Age-related macular degeneration (AMD), glaucoma and diabetic retinopathy are distinguished by the progressive loss of photoreceptors, interneurons, and retinal ganglion cells (RGCs) or RPE. Retinitis pigmentosa, Stargardt disease, Best disease, and Leber congenital amaurosis all involve early loss of photoreceptors and RGCs. While in non-mammalian vertebrates, for example amphibians or fish, after a retinal injury, the regenerative response is activated, contrastingly in humans there appears to be little to no recovery of retinal cells [13].

It was shown that injecting bone marrow mesenchymal stem cells (BMSCs) intravitreally could not only reduce damage of retinal ganglion cells (RGCs) [14] but BMSCs were also capable of mobilizing into areas where cells were subjected to laser induced injury and differentiate into retinal pigment epithelium, endothelial, pericyte and photoreceptor cells [7]. BMSCs were also observed to prolong photoreceptor survival in rhodopsin knockout mice, which could be a beneficial outcome in treatment for retinitis pigmentosa in humans [15]. Several studies have produced promising outcomes, for example BMSCs have been shown to differentiate into cells expressing photoreceptor proteins when injected into the sub-retinal space [16, 17], MSCs can express photopigment in vitro, simply by adding epidermal growth factor to the culture media [18], BMSCs or adipose derived mesenchymal stromal stem cells (ASCs) have been shown to possess the ability to differentiate into RPE cells [18, 19], to name a few. In an ischemic retina rodent model, MSCs injected into the vitrous cavity exhibited the ability to mature and secrete cilliary neurotrophic factor (CNTF), basic fibroblast growth factor (bFGF) and brain-derived neurotrophic factor (BDNF) for at least 4 weeks [20]. These results suggest that MSCs could potentially support retinal function in canine retinal pathologies, included in these are congenital, hereditary and acquired conditions, where retinal destruction is caused by various factors, for example increased intraocular pressure (IOP).


Glaucoma is a neurodegenerative disease of the retina where the main pathology is ganglion cell loss. From a cellular therapy point of view, MSCs seem to show promising results in neurodegenerative diseases [10, 21,22,23,24,25,26], they show effecient production of neurotrophic factors that support neuronal cell survival, they induce endogenous cell proliferation and promote nerve fibre regeneration at the site of injury [27]. Moreover, both human and rat MSCs, could differentiate toward neurotrophic factor secreting mesenchymal stem cells (NTF-SCs) to deliver neurotrophic factors, however NTF-SCs produce and secrete higher levels of BDNF, glial cell-derived neurotrophic factor (GDNF) and vascular endothelial growth factor (VEGF) than MSCs [27]. Intriguingly, human NTF-SCs achieved better neuroprotective effects compared with rat NTF-SCs. This evidence suggests that it may be more advantageous to use stem cells as a vector for delivery and secretion of neurotrophic factors [27]. In the ocular anterior chamber in a rat model of ocular hypertension (OHT), the application of MSCs provided neuroprotective effects in glaucoma pathophysiology via trabecular meshwork (TM) cell protection. These results demonstrate that MSCs could feasibly be a favorable tool in the treatment of ocular hypertension and retinal cell degeneration [28]. The effect of MSC transplantation in vivo, demonstrated to be rapid and long lasting in significant reduction of IOP induced by episcleral veins (EVC) in eyes with hypertension. MSCs seemed to be associated with ciliary processes and the trabecular meshwork. Quantification of RGCs on whole flat-mounted retina established a protective effect of MSCs on their viability. In the same study it was noted that MSCs in conditioned medium in viro promote the following: (i) human trabecular meshwork (hTM) cells survive by activation of the antiapoptotic pathway, Akt; (ii) hTM cells relax as myosin phosphorylation decreased; (iii) hTM cells do not acquire transforming growth factor-β2-dependent profibrotic phenotype. In conclusion the proregenerative effects of MSCs in glaucoma could be allocated to production and delivery of neurotrophic factors, to influence on ganglion cells to have antiapoptotic characteristics and to trabecular meshwork protection [28].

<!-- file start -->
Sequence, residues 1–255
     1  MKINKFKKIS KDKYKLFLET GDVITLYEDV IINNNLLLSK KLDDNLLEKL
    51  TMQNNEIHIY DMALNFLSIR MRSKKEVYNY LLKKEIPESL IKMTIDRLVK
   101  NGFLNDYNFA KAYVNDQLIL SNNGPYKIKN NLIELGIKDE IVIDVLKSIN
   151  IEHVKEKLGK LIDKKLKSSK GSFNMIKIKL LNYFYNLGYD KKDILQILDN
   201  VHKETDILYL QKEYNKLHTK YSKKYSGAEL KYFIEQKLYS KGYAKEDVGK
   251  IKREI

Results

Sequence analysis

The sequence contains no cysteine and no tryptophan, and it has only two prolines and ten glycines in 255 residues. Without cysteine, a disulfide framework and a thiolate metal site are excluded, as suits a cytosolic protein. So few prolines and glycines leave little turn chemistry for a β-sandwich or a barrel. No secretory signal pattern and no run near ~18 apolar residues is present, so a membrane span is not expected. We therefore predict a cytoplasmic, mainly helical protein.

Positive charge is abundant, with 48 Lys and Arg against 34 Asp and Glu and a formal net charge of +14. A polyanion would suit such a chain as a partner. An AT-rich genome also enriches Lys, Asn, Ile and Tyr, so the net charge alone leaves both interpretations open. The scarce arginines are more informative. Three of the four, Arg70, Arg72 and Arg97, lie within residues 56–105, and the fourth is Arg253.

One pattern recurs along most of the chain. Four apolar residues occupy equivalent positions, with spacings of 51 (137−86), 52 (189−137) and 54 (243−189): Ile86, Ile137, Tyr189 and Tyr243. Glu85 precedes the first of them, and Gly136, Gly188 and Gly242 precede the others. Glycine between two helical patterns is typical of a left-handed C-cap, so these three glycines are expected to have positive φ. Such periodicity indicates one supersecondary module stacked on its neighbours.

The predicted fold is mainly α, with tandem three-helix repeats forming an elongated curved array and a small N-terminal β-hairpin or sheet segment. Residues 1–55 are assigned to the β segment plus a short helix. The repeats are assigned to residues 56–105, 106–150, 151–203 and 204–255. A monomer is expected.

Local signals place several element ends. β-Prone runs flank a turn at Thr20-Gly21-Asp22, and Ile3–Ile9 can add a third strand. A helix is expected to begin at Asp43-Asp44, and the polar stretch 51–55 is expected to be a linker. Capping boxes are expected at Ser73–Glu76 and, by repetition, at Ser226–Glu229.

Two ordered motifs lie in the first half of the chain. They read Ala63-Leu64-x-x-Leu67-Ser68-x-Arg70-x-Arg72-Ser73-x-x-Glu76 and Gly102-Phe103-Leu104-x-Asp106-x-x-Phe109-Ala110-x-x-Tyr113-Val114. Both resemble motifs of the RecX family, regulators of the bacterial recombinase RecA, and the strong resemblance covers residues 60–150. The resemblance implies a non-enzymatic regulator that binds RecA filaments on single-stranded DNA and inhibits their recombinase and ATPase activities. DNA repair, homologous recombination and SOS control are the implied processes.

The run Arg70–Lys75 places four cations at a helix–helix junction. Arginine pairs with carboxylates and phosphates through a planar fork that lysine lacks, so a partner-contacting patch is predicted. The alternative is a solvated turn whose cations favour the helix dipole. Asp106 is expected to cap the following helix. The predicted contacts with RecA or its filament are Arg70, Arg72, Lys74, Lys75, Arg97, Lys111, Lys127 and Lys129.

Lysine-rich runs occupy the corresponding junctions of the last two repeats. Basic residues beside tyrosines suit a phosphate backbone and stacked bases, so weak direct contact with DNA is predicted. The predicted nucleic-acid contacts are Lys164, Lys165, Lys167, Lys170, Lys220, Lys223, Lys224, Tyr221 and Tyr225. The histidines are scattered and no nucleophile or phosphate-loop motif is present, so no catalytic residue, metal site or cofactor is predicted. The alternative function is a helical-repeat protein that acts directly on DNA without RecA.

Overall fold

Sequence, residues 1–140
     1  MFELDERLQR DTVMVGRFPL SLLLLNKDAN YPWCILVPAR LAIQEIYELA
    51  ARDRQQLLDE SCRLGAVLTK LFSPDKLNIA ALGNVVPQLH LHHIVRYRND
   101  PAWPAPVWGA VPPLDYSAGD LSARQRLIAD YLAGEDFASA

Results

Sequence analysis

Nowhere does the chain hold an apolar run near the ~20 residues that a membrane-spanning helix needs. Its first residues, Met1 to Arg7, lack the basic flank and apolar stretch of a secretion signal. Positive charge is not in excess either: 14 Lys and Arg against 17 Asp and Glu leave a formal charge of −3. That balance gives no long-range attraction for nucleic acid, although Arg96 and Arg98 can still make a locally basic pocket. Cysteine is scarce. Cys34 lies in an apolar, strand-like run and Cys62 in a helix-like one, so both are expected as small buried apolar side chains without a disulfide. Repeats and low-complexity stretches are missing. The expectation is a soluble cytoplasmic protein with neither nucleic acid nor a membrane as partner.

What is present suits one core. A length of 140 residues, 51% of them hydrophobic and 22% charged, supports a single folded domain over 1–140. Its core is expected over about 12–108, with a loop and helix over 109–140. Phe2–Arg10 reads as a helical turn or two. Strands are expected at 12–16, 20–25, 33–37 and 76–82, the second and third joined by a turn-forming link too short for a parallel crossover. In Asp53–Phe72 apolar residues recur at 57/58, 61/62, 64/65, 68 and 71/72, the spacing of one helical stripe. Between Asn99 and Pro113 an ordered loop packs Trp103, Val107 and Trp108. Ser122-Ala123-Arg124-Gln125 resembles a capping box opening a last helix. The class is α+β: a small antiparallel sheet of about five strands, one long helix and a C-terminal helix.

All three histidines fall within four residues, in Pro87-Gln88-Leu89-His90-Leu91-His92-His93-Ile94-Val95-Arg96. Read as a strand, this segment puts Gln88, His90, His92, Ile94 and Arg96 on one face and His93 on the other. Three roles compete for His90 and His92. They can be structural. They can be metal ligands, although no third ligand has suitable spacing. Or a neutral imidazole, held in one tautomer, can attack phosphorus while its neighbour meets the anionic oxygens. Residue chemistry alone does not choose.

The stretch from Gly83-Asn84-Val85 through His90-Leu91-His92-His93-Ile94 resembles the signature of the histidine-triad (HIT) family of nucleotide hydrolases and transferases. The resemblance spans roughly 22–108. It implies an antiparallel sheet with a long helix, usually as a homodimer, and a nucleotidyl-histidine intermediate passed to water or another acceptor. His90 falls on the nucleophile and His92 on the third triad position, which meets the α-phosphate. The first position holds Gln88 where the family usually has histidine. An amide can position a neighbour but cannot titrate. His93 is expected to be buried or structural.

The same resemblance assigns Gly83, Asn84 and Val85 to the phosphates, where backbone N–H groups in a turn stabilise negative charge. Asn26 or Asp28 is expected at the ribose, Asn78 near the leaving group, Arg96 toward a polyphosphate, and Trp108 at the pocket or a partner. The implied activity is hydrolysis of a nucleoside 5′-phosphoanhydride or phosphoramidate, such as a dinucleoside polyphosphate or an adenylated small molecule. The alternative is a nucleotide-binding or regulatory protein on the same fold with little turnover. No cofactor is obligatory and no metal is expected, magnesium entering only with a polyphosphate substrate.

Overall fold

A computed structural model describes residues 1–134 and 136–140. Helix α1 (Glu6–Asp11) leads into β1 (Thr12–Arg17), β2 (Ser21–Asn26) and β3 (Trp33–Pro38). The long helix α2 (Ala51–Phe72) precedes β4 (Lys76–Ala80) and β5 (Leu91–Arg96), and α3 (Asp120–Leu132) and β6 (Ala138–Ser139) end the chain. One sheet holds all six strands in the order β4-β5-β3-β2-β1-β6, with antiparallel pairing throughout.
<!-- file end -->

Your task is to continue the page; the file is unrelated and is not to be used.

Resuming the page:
Protocols for MSC Administration

The study conducted by Johnson TV, Bull ND, Hunt DP et al. revealed that transplantation of BM-MSCs into the vitrous body of rats with glaucoma resulted in a 30% increase of optic nerve axonal survival [29]. Beyond intravitreal injection, MSCs were delivered according to different pathways as well. It was well recognized that systematically administered GFP-marked MSCs may be incorporated into the neuroretinal tissues and play an important role in wound modulation of physically damaged retinal tissue [1]. Using intravenous MSCs as adjuvant therapy with sub-retinal injection might improve cell therapy treatments for retinal dystrophy [30]. Recently the Royal College of Surgeons (RCS) studied safety and efficacy of sub-retinal injection of human Wharton’s Jelly-derived mesenchymal stem cells (hWJ-MSCs) on retinal structure and function in rats. Sub-retinal injection of hWJ-MSCs delayed the loss of ONL in RCS rats. Although hWJ-MSCs show potential to differentiate into retinal-like cells and appear to be safe in nature, this type of cell-based therapeutic treatment for retinal dystrophies still warrants more research. Administration of MSCs in close proximity to the retina also proved to be effective in treating retinal degeneration in the RCS rats by transplanting hBM-MSCs in a thin epiretinal layer [31]. This method of transplantation proximally to the retina actually proved more effective than intravitreal injection [31].